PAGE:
- Section 56-5-3670 – In addition to the law requiring all motorcycle riders and passengers under 21 to wear a helmet, this law says riders and passengers under 21 must also wear goggles or have helmets equipped with face shields. The goggles or face shield must meet standards set by the state Department of Public Safety.
- Section 56-5-3700 – This law sets the penalties for breaking any of South Carolina’s motorcycle laws concerning required safety equipment. For instance, anyone guilty of not using required safety equipment can be fined up to $100, go to jail for up to 30 days, or both.
- Section 56-5-4460 – Under this law, motorcycle riders must have their lights turned on whenever they are riding so other drivers on the road can see them.
How to Get a Motorcycle License in South Carolina
According to the South Carolina Department of Motor Vehicles (DMV), specific requirements for obtaining a motorcycle license in South Carolina include:
- You must be 15 years old to apply for a beginner’s motorcycle permit.
- If you are under 18, a parent or legal guardian must sign a consent form before obtaining your beginner’s permit or license.
- Your driving privileges in South Carolina or any other state must not be revoked or suspended.
- You must pass a knowledge test to obtain your motorcycle beginner’s permit.
- You may have to take a vision test in certain circumstances.
- You must pass a road skills test before obtaining your full motorcycle license, which must be conducted by the DMV or an approved third-party instructor.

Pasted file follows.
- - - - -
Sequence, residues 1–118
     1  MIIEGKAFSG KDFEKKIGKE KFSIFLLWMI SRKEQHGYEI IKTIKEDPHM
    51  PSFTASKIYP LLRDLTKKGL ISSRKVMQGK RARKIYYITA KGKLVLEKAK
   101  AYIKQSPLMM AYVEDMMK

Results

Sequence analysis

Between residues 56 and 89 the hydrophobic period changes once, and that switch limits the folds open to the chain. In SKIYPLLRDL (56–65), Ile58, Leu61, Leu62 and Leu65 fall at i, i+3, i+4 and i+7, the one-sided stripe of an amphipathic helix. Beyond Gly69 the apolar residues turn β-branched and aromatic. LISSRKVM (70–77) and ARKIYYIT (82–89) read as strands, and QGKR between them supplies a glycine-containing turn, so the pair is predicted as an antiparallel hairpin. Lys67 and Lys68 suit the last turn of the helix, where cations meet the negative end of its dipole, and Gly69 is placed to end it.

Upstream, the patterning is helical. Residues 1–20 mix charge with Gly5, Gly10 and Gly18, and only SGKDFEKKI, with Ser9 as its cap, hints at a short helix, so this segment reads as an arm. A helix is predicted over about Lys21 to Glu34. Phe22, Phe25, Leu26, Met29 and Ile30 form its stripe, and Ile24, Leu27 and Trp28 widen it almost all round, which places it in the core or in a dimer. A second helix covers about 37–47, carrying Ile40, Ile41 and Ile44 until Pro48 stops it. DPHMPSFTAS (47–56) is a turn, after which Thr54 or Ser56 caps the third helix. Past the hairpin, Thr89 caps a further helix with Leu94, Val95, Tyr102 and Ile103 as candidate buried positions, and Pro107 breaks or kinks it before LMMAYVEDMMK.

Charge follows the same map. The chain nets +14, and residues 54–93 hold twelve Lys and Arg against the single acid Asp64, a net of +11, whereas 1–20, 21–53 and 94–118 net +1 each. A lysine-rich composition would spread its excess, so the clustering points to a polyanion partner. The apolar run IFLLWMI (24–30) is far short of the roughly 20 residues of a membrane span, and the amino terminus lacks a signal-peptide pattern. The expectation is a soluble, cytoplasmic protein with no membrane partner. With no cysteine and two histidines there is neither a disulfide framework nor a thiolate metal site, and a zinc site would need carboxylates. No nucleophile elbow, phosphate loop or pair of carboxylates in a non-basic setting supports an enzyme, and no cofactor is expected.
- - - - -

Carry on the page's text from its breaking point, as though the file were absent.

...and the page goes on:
- If you already have a South Carolina driver’s license, you can attempt the knowledge and skills test on the same day to obtain your motorcycle license without getting a beginner’s permit.
How to Stay Safe Operating a Motorcycle
Knowing and understanding South Carolina’s motorcycle laws is crucial to staying safe on the road. Although other drivers are expected to obey traffic laws and be alert for motorcycle riders, that isn’t always the case. To decrease your chances of being involved in a collision while operating a motorcycle, you should follow these safety tips:
- Always wear a helmet and clothing that protects your arms and legs, even when it is warm outside.
- Check the weather forecast before you ride to avoid dangerous weather and road conditions.
- Be aware of other motorists and pedestrians on the road.
- Slow down in bad weather or heavy traffic.
- Make sure your motorcycle is in good working order before you ride.
- Ride in groups when possible, to make yourself more visible to drivers.
Contact Our Knowledgeable South Carolina Motorcycle Accident Lawyers Today
Accidents can happen even if you follow all of South Carolina’s motorcycle laws. If you were involved in a motorcycle collision caused by another motorist, you might be entitled to seek compensation for your injuries and other losses.
Contact the knowledgeable South Carolina motorcycle accident lawyers with Jebaily Law Firm today to discuss your legal options in a free case review. Our attorneys have decades of experience advocating for the rights of injury victims across the state.